Most NSAIDs inhibit the activity of cyclooxygenase (COX). Both isoforms, COX-1 and COX-2, are expressed in the brain with differences in cellular localization. Expression studies of COX-1 and COX-2 in AD brain have shown changes compared to non-demented control brains, suggesting a role for COX-1 and COX-2 in AD pathology. In their paper, Varvel and colleagues primarily focus on the effect of NSAID treatment on microglia activation, while no attention is paid to neuronal COX-2, whose expression is increased in the early stages of AD pathology (Ho et al., 2001; Hoozemans et al., 2001; Yermakova and O'Banion, 2001).

    The expression of COX-2 in numerous types of cancer and the effect of selective COX-2 inhibitors on tumor growth suggest a role for COX-2 in cell cycle regulation. Interestingly, COX-2 co-localizes with cell cycle proteins in AD neurons (Hoozemans et al., 2002; Mirjany et al., 2002; Hoozemans et al., 2004). Functional studies show that increased neuronal COX-2 expression leads to increased expression of cell cycle mediators in post-mitotic neurons, as shown in a transgenic mouse model with increased neuronal COX-2 expression (Xiang et al., 2002). In addition, COX-2 is required for cyclin D1 expression in neurons after ischemia in vivo and anoxia in vitro (Wu Chen et al., 2004). So while COX-2 and cell cycle proteins co-localize in AD neurons, COX-2 is also actively involved in the regulation of cell cycle control in these cells.

    In their study, Varvel and colleagues nicely show that NSAID treatment prevents neuronal cell cycle protein expression by reducing microglia activation. Although it does not exclude that microglia or inflammation are involved in inducing increased expression of cell cycle proteins in neurons, clinico-pathological data indicate that neuronal cell cycle protein expression precedes the widespread activation of microglia in AD brain (Hoozemans et al., 2005). Alternatively, in the human brain, NSAIDs could directly affect cell cycle protein expression in neurons by selective inhibition of neuronal COX-2. Either way, there is increasing evidence that regular use of NSAIDs can lower risk of developing AD by preventing aberrant cell cycle protein expression in neurons.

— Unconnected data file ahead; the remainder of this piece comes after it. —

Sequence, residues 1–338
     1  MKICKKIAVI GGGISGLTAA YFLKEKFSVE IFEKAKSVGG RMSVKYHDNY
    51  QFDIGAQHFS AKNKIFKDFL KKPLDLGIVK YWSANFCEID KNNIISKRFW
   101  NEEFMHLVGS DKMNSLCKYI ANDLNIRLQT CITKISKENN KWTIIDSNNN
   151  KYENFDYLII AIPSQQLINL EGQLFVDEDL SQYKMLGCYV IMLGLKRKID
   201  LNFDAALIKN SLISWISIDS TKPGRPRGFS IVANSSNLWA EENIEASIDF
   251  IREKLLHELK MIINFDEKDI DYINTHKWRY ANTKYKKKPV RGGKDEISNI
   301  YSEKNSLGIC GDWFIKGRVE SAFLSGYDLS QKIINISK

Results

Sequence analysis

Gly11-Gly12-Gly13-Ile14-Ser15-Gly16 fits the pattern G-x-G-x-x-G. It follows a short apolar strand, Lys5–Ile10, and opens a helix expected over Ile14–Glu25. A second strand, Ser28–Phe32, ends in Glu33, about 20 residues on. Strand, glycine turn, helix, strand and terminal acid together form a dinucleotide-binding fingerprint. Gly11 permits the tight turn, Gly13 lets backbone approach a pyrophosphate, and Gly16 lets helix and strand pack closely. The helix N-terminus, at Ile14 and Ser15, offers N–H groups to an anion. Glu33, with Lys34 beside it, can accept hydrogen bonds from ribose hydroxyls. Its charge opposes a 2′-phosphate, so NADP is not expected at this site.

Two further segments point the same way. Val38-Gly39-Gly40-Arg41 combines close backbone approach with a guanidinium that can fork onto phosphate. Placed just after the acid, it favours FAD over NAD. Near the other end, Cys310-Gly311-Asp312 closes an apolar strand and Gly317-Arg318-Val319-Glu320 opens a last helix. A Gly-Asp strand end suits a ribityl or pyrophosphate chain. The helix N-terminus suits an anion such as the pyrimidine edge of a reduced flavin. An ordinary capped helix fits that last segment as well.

View all comments by Jeroen Hoozemans
  3. I would like to take the opportunity to clarify a few points in the review pertaining to our work published in 2008. Over the past few years our goal has been to determine the insult(s) responsible for the induction of neuronal cell cycle events (CCEs) in mouse models of AD. Specifically, we explored the involvement of Aβ in the induction of CCEs. To accomplish this we analyzed CCEs in two different mouse models of AD and compared our findings to those obtained from R1.40 mice maintained on the C57BL/6J genetic background (B6-R1.40). First, R1.40 animals maintained on the DBA/2J (D2-R1.40) genetic background first exhibit neuronal CCEs at 12 months of age, six months after CCEs are first encountered in B6-R1.40 animals. While both B6-R1.40 and D2-R1.40 mice exhibit similar levels of both holo-APP and APP CTFs, the steady-state levels of Aβ are substantially reduced in the D2-R1.40 animals. These data indicate that reductions in Aβ levels delay the induction of CCEs. Second, B6-R1.40 mice deficient for Bace1 (B6-R1.40;Bace1-/-) exhibit no evidence of CTFβ and fail to develop neuronal CCEs. These data indicate that CCEs are dependent on β-secretase activity and not γ-secretase activity as stated in the posted article. Genetic removal of Bace1 results in the inability to produce Aβ as well as CTFβ. Therefore, we cannot rule out CTFβ as the Bace1-dependent APP processing product that induces CCEs. However, D2-R1.40 exhibit similar steady-states levels of CTFβ when compared to B6-R1.40 animals. Thus, we concluded that Aβ must be involved in the induction of neuronal CCEs.

    View all comments by Nicholas H. Varvel

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  1. Curbing Cell Cycle Re-entry: Window of Opportunity for NSAIDs?